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My original post blew up. but my synopsis is that kids' activities along with a food industry that wants everything to appear as hard, complicate, impossible are the most responsible. Who wants to get home after 19 practices, obligations and have to WORK at getting dinner? But there are few outlets that say: take the time of a sitcom to plan some meals; watch another sitcom and prep; when you get home from work/school/obligations do what you need to round out things. My wife and I both work and like to cook. We virtually every night have something prepare. Yes, sometimes we have a kids' choice meal and always an option. But we are trying to cook stuff we like while exposing our kids. Our oldest daughter, 11, loves to bake. Too many people view Mcdonald's as a viable option. I would be very encouraged by seeing more peers willing to do boneless breast of chicken with cream of whatever. I wouldn't want that for this house, but we do more. But I also think that someone who is willing to do that is willing to be taught to do more.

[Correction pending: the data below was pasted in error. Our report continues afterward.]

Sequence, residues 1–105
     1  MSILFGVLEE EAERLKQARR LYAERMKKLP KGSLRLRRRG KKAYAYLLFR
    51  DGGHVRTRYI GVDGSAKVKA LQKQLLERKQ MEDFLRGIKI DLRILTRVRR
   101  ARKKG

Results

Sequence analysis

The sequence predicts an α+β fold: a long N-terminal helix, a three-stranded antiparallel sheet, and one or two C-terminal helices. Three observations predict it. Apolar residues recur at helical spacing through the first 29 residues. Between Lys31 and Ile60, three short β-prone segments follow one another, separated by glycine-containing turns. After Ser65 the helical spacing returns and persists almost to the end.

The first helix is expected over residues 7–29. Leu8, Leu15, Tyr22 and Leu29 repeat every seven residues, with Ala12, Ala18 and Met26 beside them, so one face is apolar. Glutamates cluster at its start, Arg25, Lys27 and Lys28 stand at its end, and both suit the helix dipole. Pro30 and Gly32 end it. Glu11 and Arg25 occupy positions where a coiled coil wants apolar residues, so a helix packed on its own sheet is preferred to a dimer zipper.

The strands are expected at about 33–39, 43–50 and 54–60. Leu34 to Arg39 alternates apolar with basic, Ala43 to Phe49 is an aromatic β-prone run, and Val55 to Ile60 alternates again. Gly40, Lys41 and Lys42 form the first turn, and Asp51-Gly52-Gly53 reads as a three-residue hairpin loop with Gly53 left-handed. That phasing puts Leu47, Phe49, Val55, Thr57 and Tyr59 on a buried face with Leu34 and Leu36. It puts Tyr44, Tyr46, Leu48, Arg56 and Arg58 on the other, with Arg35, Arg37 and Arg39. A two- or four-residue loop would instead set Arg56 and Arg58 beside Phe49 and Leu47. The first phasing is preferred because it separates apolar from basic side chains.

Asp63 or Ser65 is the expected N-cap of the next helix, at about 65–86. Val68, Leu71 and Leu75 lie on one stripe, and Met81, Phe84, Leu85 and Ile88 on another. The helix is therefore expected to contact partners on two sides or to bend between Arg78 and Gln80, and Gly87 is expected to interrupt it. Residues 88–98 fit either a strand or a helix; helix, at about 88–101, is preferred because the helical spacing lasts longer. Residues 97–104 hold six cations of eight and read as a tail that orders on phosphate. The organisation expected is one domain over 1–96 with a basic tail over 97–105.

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"Who wants to get home after 19 practices, obligations and have to WORK at getting dinner?"

To right but, rather than supermarket ready meals make your own.

Today just made a mass of Ragu - ingredient cost £25 (Two bottles of wine in there did that so could be a lot less) for at least 18 portions that will be frozen.

Also made sous vide confit duck legs (8) I got in a 1/2 price sale and after them sous vide veg (sprouts & Bacon (2), potatoes butter and mint (2) and cabbage (2) but not sure) again now frozen. All this in one weekend with prob 2 hours cooking at most the rest stirring, checking while I did other stuff.